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5 Things to Remember When You Love Someone with Anxiety

5 Things to Remember When You Love Someone with Anxiety

It’s a beautiful Saturday afternoon. My husband and I are completing our to-do lists so we can get outside and enjoy the day. We clean the house and start a load of laundry before he goes to get the car’s oil changed and I head to the grocery store. “I’ll see you soon,” I tell him, “We’ll go out for a lunch date!” And then we’re off on our separate errands.

One hour later, I return home to my husband’s warm smile and restaurant ideas for that lunch date I proposed. I, however, no longer want to go on that date. Or, more accurately speaking, I can’t go on that lunch date. My anxiety had been triggered at the store; although I left the house feeling grounded and content, I came home feeling overwhelmed, chaotic, and fearful.

On this day, it was an unexpectedly high grocery bill that sent me spinning. Once my anxiety is triggered, it often snowballs and is difficult to interrupt. I am slowly learning how to be kind and gracious with myself in my anxious moments. My husband is on this journey with me; as we come to know each other’s more layered and unrefined qualities, we can seek to love each other more fully—even (or especially) in moments of distress.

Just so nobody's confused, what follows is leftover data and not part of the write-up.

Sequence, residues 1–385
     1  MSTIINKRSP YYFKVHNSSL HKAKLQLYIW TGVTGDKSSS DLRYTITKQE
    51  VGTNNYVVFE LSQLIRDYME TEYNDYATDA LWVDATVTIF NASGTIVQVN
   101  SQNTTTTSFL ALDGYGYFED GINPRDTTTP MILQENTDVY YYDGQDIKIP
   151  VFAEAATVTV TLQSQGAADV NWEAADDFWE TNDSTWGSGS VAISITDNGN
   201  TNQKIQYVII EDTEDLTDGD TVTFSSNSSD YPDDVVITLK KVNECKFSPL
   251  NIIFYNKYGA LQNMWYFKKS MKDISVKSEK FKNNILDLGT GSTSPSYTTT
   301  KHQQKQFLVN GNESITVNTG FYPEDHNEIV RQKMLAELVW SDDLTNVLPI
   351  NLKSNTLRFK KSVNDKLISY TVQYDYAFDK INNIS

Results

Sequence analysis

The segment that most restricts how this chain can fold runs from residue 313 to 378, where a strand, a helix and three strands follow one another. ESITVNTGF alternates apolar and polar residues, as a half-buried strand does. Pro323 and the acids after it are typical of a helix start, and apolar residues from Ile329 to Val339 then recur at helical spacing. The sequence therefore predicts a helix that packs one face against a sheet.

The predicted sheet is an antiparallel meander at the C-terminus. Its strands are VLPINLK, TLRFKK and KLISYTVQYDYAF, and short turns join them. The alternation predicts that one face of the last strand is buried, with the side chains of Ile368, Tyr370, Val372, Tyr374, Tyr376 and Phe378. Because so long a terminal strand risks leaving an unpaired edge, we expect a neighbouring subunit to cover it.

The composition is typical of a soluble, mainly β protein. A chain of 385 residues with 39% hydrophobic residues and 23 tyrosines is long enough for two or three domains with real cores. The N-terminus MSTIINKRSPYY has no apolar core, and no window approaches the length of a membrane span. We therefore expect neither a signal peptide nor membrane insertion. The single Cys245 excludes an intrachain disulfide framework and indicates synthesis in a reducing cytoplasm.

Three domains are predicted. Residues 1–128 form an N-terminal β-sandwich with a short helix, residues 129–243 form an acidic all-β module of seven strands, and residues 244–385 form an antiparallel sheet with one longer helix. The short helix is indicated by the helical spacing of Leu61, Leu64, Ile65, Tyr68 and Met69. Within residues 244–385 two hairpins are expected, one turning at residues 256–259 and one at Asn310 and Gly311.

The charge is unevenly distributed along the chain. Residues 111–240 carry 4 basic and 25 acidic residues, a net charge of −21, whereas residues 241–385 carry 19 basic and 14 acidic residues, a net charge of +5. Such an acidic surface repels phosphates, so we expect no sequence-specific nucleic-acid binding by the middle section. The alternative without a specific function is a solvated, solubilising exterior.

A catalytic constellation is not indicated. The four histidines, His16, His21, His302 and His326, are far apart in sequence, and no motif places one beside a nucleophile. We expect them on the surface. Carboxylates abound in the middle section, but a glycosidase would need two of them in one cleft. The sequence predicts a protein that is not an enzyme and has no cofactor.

Anxiety may look different on you or your loved one; we all have varying triggers and reactions. My husband and I have found some helpful things to remember when you love someone who struggles with anxiety.

You are not the enemy.

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Your loved one’s anxiety is not about you. You may find that, in their anxious moments, they are taking out a lot of their angst out on you. That is not fair or right, but they may still be learning how to work out their anxiety.

If your loved one is making you feel like you’re on different teams during anxious moments, have a conversation about how to keep that from happening. Let them know how it makes you feel to be wrongly targeted, and set some boundaries for anxiety-fueled behavior. Your loved one should have the space to express their emotion and anxiety; they should not let that be an invitation to take out those emotions on you. That is a fair boundary and honoring of you both—you each need to know that you’re for one another, not against!